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Unit 4: Cell Metabolism

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    Metabolism is the set of life-sustaining chemical transformations within the cells of living organisms. The three main purposes of metabolism are the conversion of food/fuel to energy to run cellular processes, the conversion of food/fuel to building blocks for proteins, lipids, nucleic acids, and some carbohydrates, and the elimination of nitrogenous wastes. These enzyme-catalyzed reactions allow organisms to grow and reproduce, maintain their structures, and respond to their environments.

    • 4.1: Enzymes
      Enzymes are catalysts. Most are proteins. (A few ribonucleoprotein enzymes have been discovered and, for some of these, the catalytic activity is in the RNA part rather than the protein part. Link to discussion of these ribozymes). Enzymes bind temporarily to one or more of the reactants — the substrate(s) — of the reaction they catalyze. In doing so, they lower the amount of activation energy needed and thus speed up the reaction.
    • 4.2: ATP
      ATP (Adenosine triphosphate) is a nucleotide that performs many essential roles in the cell. It is the major energy currency of the cell, providing the energy for most of the energy-consuming activities of the cell. It is one of the monomers used in the synthesis of RNA and, after conversion to deoxyATP (dATP), DNA. It regulates many biochemical pathways.
    • 4.3: NAD and NADP
      Nicotinamide adenine dinucleotide (NAD) and its relative nicotinamide adenine dinucleotide phosphate (NADP) are two of the most important coenzymes in the cell. NAD participates in many redox reactions in cells, including those in glycolysis and most of those in the citric acid cycle of cellular respiration. NADP is the reducing agent produced by the light reactions of photosynthesis and is consumed in the Calvin cycle of photosynthesis and used in many other anabolic reactions.
    • 4.4: Glycolysis
      Glycolysis is the anaerobic catabolism of glucose and occurs in virtually all cells. In eukaryotes, it occurs in the cytosol, where it converts a molecule of glucose into 2 molecules of pyruvic acid.
    • 4.5: Cellular Respiration
      Cellular respiration is the process of oxidizing food molecules, like glucose, to carbon dioxide and water.
    • 4.6: ATP Synthase
      ATP synthase is a huge molecular complex (>500,000 daltons) embedded in the inner membrane of mitochondria. Its function is to convert the energy of protons (H+) moving down their concentration gradient into the synthesis of ATP. 3 to 4 protons moving through this machine is enough to convert a molecule of ADP and Pi (inorganic phosphate) into a molecule of ATP. One ATP synthase complex can generate >100 molecules of ATP each second.
    • 4.7: Photosynthesis - Pathway of Carbon Fixation
      Photosynthesis is the synthesis of organic molecules using the energy of light.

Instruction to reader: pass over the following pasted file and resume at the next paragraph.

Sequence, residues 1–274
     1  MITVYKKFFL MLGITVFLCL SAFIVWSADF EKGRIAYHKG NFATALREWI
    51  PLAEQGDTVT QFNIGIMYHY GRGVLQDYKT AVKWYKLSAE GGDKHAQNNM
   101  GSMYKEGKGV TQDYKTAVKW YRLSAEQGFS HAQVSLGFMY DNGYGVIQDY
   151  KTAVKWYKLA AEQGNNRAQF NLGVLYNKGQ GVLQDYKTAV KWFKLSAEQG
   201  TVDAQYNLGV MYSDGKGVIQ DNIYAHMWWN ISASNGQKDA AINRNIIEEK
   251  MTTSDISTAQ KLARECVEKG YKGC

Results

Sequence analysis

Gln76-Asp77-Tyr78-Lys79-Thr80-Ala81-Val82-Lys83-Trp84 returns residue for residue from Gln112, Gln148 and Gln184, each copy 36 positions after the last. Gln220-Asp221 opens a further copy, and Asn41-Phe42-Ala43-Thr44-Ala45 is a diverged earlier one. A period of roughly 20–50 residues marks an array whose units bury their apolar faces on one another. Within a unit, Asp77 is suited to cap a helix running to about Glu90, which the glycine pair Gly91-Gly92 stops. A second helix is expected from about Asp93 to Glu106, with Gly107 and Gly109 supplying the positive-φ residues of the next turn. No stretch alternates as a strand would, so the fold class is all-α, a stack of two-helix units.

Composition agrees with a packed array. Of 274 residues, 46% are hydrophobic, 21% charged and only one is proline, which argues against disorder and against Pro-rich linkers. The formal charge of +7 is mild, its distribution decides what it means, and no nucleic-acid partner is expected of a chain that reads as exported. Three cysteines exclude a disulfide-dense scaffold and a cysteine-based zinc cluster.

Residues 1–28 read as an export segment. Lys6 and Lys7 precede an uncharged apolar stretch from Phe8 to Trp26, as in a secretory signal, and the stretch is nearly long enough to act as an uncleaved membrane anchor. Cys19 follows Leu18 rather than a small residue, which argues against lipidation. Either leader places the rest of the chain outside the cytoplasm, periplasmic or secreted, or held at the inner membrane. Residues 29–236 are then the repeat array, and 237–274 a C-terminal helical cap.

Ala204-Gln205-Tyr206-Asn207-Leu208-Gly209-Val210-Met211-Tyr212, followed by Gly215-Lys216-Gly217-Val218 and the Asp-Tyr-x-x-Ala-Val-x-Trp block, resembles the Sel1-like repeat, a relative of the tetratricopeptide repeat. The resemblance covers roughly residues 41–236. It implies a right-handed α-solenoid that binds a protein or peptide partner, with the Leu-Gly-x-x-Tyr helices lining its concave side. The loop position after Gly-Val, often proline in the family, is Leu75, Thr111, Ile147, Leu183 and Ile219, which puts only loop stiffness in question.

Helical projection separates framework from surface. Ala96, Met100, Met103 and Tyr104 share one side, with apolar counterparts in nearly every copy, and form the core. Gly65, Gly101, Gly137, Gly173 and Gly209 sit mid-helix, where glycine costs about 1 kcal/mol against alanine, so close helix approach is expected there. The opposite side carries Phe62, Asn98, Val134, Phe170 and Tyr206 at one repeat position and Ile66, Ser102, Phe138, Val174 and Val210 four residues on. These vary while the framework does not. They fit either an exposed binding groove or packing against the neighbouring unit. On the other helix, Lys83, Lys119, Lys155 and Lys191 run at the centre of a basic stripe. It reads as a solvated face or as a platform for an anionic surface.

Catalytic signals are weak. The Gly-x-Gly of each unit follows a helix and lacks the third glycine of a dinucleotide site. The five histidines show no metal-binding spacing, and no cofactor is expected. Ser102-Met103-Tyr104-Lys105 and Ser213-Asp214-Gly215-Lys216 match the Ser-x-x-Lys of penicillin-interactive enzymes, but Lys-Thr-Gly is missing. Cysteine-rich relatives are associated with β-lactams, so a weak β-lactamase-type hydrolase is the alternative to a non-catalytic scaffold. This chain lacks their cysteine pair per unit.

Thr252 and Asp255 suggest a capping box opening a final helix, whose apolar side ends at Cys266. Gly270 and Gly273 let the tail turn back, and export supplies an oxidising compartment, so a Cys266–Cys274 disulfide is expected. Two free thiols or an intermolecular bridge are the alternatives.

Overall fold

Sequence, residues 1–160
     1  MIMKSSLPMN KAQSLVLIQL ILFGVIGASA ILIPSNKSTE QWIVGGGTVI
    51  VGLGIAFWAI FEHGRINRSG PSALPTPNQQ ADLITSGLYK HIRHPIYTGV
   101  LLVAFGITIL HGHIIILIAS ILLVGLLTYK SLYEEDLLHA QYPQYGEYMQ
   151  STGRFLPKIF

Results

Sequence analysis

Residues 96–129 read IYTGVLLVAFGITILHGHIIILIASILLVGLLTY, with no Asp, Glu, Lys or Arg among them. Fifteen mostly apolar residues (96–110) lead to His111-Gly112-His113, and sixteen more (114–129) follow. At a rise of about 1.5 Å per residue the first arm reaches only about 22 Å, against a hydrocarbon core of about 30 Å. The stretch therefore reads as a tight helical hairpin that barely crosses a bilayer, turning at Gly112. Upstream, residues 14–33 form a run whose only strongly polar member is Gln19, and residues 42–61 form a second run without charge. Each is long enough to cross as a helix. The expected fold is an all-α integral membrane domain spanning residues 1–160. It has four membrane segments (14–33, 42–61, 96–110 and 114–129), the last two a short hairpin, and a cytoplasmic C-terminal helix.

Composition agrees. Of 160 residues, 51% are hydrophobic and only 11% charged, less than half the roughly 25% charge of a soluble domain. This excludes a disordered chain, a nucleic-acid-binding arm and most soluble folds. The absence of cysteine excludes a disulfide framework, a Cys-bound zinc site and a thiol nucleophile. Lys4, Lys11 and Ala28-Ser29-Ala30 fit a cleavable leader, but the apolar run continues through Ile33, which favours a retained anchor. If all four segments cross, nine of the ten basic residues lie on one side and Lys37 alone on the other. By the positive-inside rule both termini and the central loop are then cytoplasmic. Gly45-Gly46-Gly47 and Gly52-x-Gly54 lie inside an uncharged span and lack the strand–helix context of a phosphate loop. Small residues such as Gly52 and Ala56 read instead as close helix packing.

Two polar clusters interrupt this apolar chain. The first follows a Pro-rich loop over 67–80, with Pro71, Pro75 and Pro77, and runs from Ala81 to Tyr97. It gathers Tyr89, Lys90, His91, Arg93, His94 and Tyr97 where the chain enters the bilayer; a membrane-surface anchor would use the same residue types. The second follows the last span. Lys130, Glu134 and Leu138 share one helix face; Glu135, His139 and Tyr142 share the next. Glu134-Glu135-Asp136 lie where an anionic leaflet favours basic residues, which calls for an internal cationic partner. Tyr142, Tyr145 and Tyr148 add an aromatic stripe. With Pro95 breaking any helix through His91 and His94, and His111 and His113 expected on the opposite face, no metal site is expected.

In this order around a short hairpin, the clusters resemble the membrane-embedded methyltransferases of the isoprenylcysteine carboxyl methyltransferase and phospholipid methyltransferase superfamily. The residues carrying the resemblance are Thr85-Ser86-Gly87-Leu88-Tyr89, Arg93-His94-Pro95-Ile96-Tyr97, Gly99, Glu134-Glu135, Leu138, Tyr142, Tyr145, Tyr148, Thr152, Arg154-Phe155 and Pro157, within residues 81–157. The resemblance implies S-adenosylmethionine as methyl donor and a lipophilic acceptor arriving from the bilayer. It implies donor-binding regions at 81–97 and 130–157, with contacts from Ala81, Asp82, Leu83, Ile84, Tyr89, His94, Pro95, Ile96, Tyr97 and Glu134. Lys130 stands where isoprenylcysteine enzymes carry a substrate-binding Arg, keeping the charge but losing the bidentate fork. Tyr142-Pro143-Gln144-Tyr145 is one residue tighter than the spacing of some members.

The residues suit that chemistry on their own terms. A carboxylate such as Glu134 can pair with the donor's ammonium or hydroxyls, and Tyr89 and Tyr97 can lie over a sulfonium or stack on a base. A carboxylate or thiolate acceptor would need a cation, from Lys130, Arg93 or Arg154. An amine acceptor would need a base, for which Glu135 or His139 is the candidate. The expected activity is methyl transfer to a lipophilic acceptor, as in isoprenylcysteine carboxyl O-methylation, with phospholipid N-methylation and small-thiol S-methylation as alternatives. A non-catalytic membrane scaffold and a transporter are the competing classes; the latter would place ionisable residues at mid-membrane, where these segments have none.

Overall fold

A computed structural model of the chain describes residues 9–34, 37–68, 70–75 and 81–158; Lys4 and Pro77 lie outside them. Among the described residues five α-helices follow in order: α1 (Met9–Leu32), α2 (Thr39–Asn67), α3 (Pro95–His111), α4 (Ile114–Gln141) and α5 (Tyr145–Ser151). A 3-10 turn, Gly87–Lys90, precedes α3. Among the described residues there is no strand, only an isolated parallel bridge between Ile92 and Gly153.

• 4.8: Photosynthesis - The Role of Light
    • 4.9: Photosynthesis - Dicovering the Secrets
      This chapter talks about various scientists and their path towards discovering photosynthesis.
    • 4.10: Chemiosmosis
      Several kinds of evidence support the chemiosmotic theory of ATP synthesis in chloroplasts. When isolated chloroplasts are illuminated, the medium in which they are suspended becomes alkaline — as we would predict if protons were being removed from the medium and pumped into the thylakoids (where they reduce the pH to about 4.0 or so). The interior of thylakoids can be deliberately made acid (low pH) by suspending isolated chloroplasts in an acid medium (pH 4.0) for a period of time.
    • 4.11: Metabolism
      All living things must have an unceasing supply of energy and matter. The transformation of this energy and matter within the body is called metabolism.
    • 4.12: Intermediary Metabolism
      The immediate source of energy for most cells is glucose. But glucose is not the only fuel on which cells depend. Other carbohydrates, fats and proteins may in certain cells or at certain times be used as a source of ATP. The complexity of the mechanism by which cells use glucose may make you fervently hope that a similarly-constructed system is not needed for each kind of fuel. And indeed it is not.
    • 4.13: G Proteins
      G proteins are so-called because they bind the guanine nucleotides GDP and GTP. They are heterotrimers (i.e., made of three different subunits) associated with the inner surface of the plasma membrane and transmembrane receptors of hormones, etc. These are called G protein-coupled receptors (GPCRs).
    • 4.14: Secondary Messengers
      Second messengers are molecules that relay signals received at receptors on the cell surface — such as the arrival of protein hormones, growth factors, etc. — to target molecules in the cytosol and/or nucleus. But in addition to their job as relay molecules, second messengers serve to greatly amplify the strength of the signal. Binding of a ligand to a single receptor at the cell surface may end up causing massive changes in the biochemical activities within the cell.
    • 4.15: Bioluminescence
      Bioluminescence is the ability of living things to emit light. It is found in many marine animals, both invertebrate (e.g., some cnidarians, crustaceans, squid) and vertebrate (some fishes); some terrestrial animals (e.g., fireflies, some centipedes); and some fungi and bacteria.

    This page titled Unit 4: Cell Metabolism is shared under a CC BY 3.0 license and was authored, remixed, and/or curated by John W. Kimball via source content that was edited to the style and standards of the LibreTexts platform; a detailed edit history is available upon request.

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